Thursday, July 02, 2009, 03:00 pm
Apple working to fix unreleased iPhone SMS exploitTipped off by a Mac OS X security expert, Apple is working to repair a serious security flaw in the iPhones operating system one that could allow an attacker to track the phones location via GPS, eavesdrop on conversations via the microphone, or create a mobile bot net capable of unleashing denial of service attacks.
The attack takes advantage of a vulnerability in the phones short messaging service, or SMS, feature, allowing an outside party into the phones root access without the owners knowledge. Security researcher Charles Miller, co-author of The Mac Hackers Handbook, announced his discovery Thursday at the SyScan Conference in Singapore, according to Computerworld.
Apple plans to have the fix released later this month, before Miller gives his scheduled speech at the Black Hat Technical Security Conference in Los Angeles. At the July 25-30 conference, Miller will be joined by Colin Mulliner for a talk entitled Fuzzing the Phone in Your Phone, which will show attendees how to discover vulnerabilities in a variety of smartphones.
Miller has not specifically detailed how the SMS exploit is done, citing an agreement with Apple. But he will discuss the attack in length at the Black Hat conference.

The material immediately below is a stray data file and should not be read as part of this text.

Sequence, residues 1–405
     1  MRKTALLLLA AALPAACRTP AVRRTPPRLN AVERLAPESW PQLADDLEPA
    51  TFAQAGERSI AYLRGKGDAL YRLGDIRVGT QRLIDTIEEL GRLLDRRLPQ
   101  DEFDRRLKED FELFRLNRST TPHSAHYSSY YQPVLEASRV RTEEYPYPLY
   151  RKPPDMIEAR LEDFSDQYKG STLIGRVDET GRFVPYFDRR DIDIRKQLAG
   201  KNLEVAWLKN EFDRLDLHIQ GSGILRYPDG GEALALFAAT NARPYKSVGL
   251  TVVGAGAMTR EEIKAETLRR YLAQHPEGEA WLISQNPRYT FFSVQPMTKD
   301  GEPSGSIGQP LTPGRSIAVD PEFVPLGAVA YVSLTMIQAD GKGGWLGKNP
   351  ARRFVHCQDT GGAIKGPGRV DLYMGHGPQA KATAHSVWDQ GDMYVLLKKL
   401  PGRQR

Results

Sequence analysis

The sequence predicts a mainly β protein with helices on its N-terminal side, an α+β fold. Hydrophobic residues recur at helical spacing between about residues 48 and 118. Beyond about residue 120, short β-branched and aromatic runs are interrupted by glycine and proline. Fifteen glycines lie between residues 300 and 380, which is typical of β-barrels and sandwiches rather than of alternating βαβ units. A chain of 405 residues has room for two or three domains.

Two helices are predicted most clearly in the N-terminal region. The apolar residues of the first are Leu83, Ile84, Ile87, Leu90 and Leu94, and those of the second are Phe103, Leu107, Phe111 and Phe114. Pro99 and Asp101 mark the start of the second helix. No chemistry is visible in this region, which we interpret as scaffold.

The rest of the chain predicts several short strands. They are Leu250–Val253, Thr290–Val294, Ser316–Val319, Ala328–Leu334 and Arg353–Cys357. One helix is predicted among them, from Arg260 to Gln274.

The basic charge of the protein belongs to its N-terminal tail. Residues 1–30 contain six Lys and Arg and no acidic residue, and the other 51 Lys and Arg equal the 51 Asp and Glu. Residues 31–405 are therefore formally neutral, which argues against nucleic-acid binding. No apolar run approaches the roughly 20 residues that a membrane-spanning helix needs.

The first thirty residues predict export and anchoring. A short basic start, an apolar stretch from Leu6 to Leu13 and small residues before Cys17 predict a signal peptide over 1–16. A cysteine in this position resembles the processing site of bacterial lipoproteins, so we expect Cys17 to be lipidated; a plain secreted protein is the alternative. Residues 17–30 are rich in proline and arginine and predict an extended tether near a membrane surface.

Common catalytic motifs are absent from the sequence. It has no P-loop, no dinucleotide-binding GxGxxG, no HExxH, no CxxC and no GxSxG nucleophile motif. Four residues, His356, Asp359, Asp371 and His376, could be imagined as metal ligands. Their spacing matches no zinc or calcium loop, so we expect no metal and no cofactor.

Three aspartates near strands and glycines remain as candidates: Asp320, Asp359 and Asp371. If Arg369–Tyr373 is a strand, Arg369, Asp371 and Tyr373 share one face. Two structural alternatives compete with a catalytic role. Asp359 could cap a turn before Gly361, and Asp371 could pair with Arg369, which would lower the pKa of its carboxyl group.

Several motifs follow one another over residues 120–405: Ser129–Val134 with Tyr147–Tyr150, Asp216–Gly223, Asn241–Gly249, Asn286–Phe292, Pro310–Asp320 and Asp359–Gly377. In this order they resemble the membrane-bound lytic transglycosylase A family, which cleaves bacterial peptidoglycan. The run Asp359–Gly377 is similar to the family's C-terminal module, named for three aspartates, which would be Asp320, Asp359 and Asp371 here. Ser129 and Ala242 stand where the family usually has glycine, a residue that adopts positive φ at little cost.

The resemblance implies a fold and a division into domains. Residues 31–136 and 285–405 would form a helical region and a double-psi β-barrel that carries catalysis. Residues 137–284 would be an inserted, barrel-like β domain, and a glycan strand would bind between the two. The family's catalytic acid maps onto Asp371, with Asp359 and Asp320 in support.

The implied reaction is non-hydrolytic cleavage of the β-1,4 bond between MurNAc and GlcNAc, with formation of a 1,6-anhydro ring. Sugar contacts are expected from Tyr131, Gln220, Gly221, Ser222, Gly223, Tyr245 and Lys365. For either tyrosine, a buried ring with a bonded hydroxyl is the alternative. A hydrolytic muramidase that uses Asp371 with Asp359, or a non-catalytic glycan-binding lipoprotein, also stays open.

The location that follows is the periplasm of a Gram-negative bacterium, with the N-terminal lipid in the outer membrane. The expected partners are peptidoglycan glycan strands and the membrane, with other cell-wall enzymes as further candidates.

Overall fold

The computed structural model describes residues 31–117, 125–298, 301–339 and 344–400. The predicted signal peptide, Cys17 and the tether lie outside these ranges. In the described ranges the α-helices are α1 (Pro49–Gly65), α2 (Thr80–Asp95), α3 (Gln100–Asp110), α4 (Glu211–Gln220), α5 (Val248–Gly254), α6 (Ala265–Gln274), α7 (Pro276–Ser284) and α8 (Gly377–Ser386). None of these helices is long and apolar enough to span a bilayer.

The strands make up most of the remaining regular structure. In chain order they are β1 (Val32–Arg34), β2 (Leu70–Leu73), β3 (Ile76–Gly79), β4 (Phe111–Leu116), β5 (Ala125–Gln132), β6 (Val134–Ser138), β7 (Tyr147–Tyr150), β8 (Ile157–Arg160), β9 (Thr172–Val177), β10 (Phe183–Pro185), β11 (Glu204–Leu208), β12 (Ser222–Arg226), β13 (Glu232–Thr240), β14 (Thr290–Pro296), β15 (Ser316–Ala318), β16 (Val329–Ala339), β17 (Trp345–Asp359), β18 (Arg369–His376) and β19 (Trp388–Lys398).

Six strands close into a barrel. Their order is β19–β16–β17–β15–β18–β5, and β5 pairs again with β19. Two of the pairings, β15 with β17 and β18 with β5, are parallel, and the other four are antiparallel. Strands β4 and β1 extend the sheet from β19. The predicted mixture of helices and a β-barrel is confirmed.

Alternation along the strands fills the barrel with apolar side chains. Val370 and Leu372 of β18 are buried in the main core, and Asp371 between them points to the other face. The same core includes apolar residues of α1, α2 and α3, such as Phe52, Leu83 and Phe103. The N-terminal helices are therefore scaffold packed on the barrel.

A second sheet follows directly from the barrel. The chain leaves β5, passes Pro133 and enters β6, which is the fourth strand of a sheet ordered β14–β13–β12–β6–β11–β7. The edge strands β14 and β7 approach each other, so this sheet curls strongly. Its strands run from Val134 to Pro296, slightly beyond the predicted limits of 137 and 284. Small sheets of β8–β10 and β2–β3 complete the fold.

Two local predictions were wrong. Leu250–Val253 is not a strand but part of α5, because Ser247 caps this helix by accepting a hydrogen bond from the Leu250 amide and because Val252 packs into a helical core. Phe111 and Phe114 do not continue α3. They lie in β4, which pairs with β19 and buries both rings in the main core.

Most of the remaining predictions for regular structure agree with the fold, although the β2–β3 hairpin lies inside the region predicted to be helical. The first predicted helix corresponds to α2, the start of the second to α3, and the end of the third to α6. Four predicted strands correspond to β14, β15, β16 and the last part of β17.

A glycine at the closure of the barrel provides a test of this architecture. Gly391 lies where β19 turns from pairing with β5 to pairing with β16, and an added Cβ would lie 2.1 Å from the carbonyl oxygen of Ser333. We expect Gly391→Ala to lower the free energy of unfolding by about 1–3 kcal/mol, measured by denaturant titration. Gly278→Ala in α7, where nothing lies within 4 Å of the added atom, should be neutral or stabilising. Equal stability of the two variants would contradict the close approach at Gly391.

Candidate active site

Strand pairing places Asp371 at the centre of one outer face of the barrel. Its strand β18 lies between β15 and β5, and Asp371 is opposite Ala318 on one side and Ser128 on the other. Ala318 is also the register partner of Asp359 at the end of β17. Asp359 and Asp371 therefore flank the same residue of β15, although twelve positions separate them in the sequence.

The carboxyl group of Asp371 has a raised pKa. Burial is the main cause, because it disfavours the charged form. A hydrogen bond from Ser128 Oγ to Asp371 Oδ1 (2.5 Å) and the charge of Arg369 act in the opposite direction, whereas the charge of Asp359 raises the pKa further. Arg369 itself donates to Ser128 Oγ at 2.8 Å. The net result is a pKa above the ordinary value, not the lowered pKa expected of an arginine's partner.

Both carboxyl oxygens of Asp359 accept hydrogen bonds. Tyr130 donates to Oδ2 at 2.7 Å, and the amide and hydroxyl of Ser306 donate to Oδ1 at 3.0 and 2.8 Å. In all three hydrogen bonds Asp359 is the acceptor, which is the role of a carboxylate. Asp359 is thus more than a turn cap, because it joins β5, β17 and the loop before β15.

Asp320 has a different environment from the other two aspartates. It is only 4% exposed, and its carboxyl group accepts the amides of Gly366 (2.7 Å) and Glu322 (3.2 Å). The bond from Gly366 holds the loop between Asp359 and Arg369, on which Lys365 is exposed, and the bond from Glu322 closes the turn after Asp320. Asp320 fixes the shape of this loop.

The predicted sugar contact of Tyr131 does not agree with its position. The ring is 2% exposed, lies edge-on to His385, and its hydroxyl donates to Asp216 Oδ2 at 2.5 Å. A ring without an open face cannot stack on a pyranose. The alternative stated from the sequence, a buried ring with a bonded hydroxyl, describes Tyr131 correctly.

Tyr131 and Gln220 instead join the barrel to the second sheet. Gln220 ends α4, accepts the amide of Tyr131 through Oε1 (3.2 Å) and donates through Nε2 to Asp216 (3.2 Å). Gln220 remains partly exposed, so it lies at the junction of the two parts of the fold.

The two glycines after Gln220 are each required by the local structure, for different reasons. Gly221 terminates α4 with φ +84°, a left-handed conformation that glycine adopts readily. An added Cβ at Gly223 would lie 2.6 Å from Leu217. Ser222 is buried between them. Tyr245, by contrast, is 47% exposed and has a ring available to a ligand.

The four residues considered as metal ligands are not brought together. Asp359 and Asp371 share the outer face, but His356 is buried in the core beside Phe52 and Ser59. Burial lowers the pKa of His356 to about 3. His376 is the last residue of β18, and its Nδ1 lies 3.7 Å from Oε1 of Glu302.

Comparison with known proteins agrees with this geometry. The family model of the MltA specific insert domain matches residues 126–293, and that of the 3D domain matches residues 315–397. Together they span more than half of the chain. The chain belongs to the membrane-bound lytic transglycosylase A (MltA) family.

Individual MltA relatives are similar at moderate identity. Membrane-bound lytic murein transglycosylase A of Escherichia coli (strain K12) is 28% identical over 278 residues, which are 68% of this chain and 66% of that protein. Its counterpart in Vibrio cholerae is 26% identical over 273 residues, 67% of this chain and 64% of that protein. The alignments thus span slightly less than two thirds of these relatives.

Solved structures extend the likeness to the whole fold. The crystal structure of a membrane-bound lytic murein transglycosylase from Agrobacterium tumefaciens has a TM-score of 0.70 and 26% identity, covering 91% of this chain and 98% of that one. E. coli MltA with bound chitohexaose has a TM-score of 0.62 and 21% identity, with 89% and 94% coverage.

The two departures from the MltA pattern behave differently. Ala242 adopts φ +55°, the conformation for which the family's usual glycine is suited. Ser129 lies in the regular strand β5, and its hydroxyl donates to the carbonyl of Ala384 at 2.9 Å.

The exploit takes advantage of the fact that SMS can send binary code to an iPhone. That code is automatically processed without user interaction, and can be compiled from multiple messages, allowing larger programs to be sent to a phone.
For a widely-adopted platform, Apples iPhone has had remarkably little in the way of discovered vulnerabilities in its short history. In 2007, a security firm including Miller notified Apple of the phones first security flaw, soon after the hardware had been released. It was subsequently fixed by Apple.
Miller said that the iPhones stripped-down version of OS X makes it more secure than the full-fledged operating system. And because it lacks support for Adobe Flash and Java, isolates individual applications from one another, and only allows software that has been digitally signed by Apple, it is less likely to have security flaws than a full-form computer.
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